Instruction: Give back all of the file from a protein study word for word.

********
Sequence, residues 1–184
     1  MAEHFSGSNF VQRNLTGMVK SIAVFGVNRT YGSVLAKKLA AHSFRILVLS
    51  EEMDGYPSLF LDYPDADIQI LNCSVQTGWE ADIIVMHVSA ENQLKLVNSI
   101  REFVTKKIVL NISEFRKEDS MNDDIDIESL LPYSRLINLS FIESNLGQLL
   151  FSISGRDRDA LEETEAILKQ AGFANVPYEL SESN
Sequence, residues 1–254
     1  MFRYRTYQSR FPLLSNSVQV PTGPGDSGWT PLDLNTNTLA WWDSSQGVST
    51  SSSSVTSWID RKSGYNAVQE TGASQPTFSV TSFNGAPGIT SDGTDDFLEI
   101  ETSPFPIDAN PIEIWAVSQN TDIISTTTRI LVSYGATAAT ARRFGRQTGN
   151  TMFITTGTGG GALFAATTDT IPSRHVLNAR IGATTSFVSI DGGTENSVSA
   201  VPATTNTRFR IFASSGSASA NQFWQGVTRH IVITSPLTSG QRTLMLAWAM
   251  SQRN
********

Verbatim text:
Sequence, residues 1–184
     1  MAEHFSGSNF VQRNLTGMVK SIAVFGVNRT YGSVLAKKLA AHSFRILVLS
    51  EEMDGYPSLF LDYPDADIQI LNCSVQTGWE ADIIVMHVSA ENQLKLVNSI
   101  REFVTKKIVL NISEFRKEDS MNDDIDIESL LPYSRLINLS FIESNLGQLL
   151  FSISGRDRDA LEETEAILKQ AGFANVPYEL SESN
Sequence, residues 1–254
     1  MFRYRTYQSR FPLLSNSVQV PTGPGDSGWT PLDLNTNTLA WWDSSQGVST
    51  SSSSVTSWID RKSGYNAVQE TGASQPTFSV TSFNGAPGIT SDGTDDFLEI
   101  ETSPFPIDAN PIEIWAVSQN TDIISTTTRI LVSYGATAAT ARRFGRQTGN
   151  TMFITTGTGG GALFAATTDT IPSRHVLNAR IGATTSFVSI DGGTENSVSA
   201  VPATTNTRFR IFASSGSASA NQFWQGVTRH IVITSPLTSG QRTLMLAWAM
   251  SQRN